Friday, March 16, 2012

Review of Acts of the Risen Lord Jesus

When most people decide to begin a study of The Acts of the Apostles they typically do so to study issues of church government and practice, the work of the Holy Spirit (and all the side issues attached to that—speaking in tongues, baptism of the Spirit, etc.), or the missions of the early church.  Acts is typically thought of as the place to go to get answers to your questions about the Spirit or how to develop an ecclesiology for your church. 

Alan Thompson believes we may be trying to answer questions that Luke never intended to ask.  That is why he has written The Acts of the Risen Lord Jesus.  He believes that Luke’s major themes are often neglected by modern interpreters looking for answers to ecclesiology or issues of the Spirit that Luke is not as concerned with answering.  Thompson believes that the major thrust of Luke is “for his readers to see what God is doing in the narrative, how God is accomplishing his purposes and how we may embrace and identify with these purposes and so glorify the God of the biblical narrative” (22).  In other words Luke wants his audience to know that “God is continuing to accomplish his purposes even now through the reign of the Lord Jesus”. 

The book of Acts, according to Thompson, could better be titled, “the Acts of the Lord Jesus, through his people, by the Holy Spirit, for the accomplishment of God’s purposes”.  Acts then is about the continuing work of Jesus as He now reigns from heaven.  The resurrection of Jesus, then, is central to Acts.  Luke wants his readers to know that “the departure of the Lord Jesus does not mean the departure of the kingdom” (67) to this end his major concern is to show that Jesus is still acting from heaven.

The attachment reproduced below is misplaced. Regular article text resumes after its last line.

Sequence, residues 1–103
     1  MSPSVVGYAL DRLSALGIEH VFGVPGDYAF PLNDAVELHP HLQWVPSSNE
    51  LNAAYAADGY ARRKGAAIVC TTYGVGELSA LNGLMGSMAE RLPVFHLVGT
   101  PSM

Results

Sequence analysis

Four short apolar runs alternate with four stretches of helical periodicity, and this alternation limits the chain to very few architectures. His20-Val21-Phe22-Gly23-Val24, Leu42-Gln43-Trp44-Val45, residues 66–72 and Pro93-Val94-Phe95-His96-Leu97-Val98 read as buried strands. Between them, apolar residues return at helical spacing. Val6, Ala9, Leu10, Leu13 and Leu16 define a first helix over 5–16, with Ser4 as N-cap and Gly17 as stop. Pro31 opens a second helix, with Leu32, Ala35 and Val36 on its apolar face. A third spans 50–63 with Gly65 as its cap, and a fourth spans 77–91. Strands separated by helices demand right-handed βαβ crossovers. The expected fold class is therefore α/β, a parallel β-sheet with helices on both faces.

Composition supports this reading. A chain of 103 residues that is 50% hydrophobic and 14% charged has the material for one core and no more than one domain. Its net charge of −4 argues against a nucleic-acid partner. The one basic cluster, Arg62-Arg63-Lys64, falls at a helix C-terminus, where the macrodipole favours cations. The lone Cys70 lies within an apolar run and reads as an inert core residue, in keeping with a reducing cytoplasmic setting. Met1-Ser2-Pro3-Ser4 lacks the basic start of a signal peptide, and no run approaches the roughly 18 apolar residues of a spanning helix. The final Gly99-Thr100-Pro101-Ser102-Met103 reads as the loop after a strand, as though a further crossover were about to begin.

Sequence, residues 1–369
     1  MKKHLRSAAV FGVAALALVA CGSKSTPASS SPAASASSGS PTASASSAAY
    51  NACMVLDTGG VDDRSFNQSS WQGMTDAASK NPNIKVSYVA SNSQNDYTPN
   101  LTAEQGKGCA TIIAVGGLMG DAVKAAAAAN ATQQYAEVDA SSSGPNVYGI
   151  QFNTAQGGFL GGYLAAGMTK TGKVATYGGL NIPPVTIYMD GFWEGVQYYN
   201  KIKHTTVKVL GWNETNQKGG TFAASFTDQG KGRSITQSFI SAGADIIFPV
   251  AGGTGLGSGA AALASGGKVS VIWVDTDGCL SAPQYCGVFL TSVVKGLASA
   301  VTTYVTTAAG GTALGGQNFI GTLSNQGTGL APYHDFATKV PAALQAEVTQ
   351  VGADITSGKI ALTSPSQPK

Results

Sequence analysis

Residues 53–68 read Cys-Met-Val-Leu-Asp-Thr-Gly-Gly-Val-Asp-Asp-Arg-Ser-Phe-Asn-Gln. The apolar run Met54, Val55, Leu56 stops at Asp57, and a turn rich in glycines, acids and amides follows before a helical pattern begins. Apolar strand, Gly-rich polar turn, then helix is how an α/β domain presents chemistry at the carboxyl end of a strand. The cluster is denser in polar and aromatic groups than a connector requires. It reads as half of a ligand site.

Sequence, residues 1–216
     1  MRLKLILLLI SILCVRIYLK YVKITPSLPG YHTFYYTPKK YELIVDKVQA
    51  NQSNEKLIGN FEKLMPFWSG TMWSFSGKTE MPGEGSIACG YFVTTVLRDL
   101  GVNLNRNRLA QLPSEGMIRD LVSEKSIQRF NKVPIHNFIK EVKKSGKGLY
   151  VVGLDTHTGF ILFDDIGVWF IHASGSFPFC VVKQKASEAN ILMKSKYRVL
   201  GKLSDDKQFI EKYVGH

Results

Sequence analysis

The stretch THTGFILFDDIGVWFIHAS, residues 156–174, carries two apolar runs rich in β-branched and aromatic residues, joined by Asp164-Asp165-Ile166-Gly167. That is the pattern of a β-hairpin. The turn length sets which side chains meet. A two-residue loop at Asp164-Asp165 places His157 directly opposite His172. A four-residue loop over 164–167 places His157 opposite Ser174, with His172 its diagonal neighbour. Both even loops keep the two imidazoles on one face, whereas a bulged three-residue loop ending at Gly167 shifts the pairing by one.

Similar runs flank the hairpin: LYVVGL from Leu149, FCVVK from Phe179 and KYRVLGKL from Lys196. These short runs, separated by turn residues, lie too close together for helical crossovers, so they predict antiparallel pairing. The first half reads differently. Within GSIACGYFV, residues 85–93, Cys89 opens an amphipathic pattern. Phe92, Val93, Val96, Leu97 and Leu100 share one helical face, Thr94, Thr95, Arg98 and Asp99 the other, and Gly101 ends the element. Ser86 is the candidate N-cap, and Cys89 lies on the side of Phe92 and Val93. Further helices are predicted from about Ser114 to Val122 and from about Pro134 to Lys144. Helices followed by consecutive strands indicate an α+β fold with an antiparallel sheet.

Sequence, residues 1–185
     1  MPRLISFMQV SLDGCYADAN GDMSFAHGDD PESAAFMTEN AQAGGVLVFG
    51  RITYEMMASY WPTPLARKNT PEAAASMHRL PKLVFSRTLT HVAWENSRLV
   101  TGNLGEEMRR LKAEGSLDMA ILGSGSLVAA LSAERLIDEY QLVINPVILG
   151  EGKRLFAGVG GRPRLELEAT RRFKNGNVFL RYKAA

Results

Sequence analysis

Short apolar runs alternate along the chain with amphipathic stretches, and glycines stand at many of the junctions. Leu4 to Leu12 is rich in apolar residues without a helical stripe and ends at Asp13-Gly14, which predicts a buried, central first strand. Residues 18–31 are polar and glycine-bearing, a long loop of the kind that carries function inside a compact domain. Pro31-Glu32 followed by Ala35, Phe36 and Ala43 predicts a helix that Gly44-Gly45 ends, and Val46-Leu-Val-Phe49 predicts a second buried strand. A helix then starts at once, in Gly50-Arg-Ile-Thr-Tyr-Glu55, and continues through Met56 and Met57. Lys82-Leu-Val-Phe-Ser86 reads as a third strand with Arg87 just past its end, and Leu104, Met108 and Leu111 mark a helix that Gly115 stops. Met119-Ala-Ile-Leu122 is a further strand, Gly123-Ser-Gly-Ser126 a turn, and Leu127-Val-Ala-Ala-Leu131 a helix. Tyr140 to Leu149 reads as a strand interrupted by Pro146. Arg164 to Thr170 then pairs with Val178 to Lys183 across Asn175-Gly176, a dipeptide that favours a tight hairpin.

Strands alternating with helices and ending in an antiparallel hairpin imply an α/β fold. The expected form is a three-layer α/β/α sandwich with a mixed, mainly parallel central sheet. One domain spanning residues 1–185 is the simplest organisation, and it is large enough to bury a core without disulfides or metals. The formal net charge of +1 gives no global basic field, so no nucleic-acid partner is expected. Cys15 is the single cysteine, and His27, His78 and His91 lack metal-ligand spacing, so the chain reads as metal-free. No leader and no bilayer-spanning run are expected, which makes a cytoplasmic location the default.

In six chapters Thompson makes his argument that “God is fulfilling his promises through the acts of…the risen and reigning Lord Jesus” (196).  He shows in chapter two how the resurrection of Jesus fulfills the hope of Israel and brings in the last days.  That Jesus is now administering the blessings of God is further evidenced by the kingdom coming to the Gentiles (chapter 3) through the fulfilled promise of the Father; namely, the gift of the Holy Spirit (chapter 4).  That the kingdom of Christ is now inaugurated means that the era of the old system has ended.  This means that the temple system (chapter 5) as well as the law are no longer in direct authority over God’s people (chapter 6), Jesus and his reign through his disciples is the new authority. 

My Take:

Thompson’s clear and cogent argument is something that every serious student of Acts will have to deal with.  Perhaps Thompson is restoring for us Luke’s original intention.  Perhaps we will no longer forcer Luke to answer questions that he does not intend to answer. 

What then does this mean for ecclesiological practices that are derived from Acts?  Are we reading Luke wrongly?  Not necessarily.  Thompson’s thesis serves to provide a framework for understanding the central theme of Acts.  One could just as easily argue that the risen Lord Jesus shows us in Acts how he desires to set up his kingdom.  Then we can still see Acts as a place to guide our ecclesiology.  But we are still left with a fundamental question of whether Acts is meant to be descriptive or prescriptive.  Regardless of your take Thompson would have us see that in the church today as it was then the risen Lord Jesus is still reigning and is still fulfilling the promises of God. 

Should You Buy It?

Any serious student of Acts is going to need to interact with Thompson’s argument.  As D.A. Carson notes in his endorsement of the book, “the strength of Dr. Thompson’s book is that it uncovers the main theological emphases of the book of Acts on the book’s own terms”.  I agree.  And because of this if one wants to be a faithful expositor of Acts then one will need to be introduced (or reminded) of these central themes otherwise the exposition may not be faithful to Luke’s original intent. 

The book is a pretty easy read, though maybe a little academic at times.  Any though that are willing to tackle such a difficult preaching assignment as Acts should at least familiarize themselves with this book. 

You can buy it here


One another note I love this series.  I am trying to slowly get the entire series.  I have about 6 of the NSBT books and I frequently search through ebay in the hopes of finding bargain ones.  Familiarize yourself with this series.

No comments:

Post a Comment


Related Posts Plugin for WordPress, Blogger...